RACHEL HO’S PICKS
The top pick for two That Shelf writers as their favourite film at the halfway point of the year, Flee is an animated documentary telling the story of a refugee fleeing Afghanistan and his sexual awakening as a teen in Denmark. I love that such a harrowing and poignant story is told through animation, and I can’t wait to get lost in “Amin’s” tale.
Danis Goulet’s short films made her a filmmaker to watch, and her feature debut Night Raiders promises to be thrilling and thought-provoking.
I’m a big fan of Catherine Hernandez’s novel of the same name and never would have thought that it would receive the cinematic treatment. There’s so much Canadian talent to celebrate!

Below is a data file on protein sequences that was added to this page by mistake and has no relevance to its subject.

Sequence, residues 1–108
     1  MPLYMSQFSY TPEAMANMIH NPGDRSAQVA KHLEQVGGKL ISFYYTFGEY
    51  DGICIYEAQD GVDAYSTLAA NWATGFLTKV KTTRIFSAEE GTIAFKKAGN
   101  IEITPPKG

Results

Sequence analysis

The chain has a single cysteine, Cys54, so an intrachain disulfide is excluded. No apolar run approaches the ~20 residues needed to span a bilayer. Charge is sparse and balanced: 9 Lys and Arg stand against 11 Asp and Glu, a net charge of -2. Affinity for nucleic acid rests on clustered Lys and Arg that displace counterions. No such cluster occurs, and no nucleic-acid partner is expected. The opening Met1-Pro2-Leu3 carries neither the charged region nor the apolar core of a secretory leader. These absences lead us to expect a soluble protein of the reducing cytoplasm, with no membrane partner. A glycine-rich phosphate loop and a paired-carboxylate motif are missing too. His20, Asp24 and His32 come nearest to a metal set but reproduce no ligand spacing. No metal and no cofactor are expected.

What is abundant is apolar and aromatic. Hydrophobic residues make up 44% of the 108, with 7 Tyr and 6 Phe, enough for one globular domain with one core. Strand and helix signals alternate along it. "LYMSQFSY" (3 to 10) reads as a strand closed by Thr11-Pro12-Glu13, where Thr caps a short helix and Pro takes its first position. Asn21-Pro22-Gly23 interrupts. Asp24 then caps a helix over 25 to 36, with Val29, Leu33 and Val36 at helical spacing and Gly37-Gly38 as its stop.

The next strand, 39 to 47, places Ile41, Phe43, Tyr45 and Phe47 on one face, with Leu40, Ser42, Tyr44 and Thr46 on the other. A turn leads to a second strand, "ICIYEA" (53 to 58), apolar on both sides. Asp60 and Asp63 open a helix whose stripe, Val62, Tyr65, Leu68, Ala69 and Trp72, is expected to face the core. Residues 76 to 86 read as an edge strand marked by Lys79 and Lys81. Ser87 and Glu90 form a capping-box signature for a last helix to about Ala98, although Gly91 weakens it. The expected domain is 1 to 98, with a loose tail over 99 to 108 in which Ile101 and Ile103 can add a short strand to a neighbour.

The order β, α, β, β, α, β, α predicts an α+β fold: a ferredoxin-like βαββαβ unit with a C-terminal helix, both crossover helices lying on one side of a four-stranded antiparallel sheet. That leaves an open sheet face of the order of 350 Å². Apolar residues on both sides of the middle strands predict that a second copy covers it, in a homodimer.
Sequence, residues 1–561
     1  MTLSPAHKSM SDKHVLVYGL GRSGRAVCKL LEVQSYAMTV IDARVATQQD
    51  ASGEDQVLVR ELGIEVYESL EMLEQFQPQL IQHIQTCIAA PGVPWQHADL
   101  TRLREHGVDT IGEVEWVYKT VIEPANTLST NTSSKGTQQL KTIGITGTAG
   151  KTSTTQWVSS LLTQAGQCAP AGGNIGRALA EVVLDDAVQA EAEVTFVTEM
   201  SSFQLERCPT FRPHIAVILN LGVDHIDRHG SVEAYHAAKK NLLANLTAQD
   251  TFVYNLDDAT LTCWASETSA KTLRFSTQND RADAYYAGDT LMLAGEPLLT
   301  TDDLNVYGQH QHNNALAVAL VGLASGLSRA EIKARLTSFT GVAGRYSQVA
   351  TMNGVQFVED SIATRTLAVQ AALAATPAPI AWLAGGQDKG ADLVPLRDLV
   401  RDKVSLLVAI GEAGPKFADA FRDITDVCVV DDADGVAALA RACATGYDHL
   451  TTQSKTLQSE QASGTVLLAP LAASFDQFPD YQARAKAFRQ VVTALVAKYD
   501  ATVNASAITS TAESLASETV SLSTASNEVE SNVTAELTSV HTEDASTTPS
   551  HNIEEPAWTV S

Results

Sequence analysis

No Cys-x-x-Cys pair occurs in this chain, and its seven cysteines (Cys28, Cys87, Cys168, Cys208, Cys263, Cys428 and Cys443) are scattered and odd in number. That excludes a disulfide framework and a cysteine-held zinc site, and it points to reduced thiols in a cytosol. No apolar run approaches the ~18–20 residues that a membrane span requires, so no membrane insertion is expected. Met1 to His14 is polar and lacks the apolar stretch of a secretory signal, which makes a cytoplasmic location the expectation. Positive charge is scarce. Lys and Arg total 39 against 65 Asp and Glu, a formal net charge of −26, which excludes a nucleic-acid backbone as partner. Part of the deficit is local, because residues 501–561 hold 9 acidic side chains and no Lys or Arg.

COURTNEY SMALL’S PICKS
A satire about a motorcycle that sparks a new religion? Consider my curiosity piqued.
At this point, any film that features Riz Ahmed is an automatic must-see.
Mlungu Wam (Good Madam)
Having enjoyed Jenna Cato Bass’ High Fantasy, I am eager to see this psychological thriller about the legacy South Africa’s colonial land theft.
BARBARA GOSLAWSKI’S PICKS
Learn To Swim
I loved Thyrone Tommy’s previous short, Mariner, about a Naval cadet undergoing his final exam. The very film itself took on the qualities of an anxiety attack in motion. Now as Tommy returns with his debut feature, a difficult story of love and loss, I can’t help but imagine how he’ll masterfully imbue this troubled tale of a jazz duo with the complexities and dense emotions of the music itself.